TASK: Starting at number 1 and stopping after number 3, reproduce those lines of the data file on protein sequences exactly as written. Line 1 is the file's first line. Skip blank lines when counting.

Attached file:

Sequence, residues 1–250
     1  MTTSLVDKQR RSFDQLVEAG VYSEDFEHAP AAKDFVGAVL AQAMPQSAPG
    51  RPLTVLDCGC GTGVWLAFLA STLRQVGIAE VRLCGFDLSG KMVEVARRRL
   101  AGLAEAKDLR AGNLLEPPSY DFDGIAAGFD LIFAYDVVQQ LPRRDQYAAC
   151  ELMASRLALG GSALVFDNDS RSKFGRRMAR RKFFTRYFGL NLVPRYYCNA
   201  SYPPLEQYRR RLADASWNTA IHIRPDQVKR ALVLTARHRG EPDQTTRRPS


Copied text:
Sequence, residues 1–250
     1  MTTSLVDKQR RSFDQLVEAG VYSEDFEHAP AAKDFVGAVL AQAMPQSAPG
    51  RPLTVLDCGC GTGVWLAFLA STLRQVGIAE VRLCGFDLSG KMVEVARRRL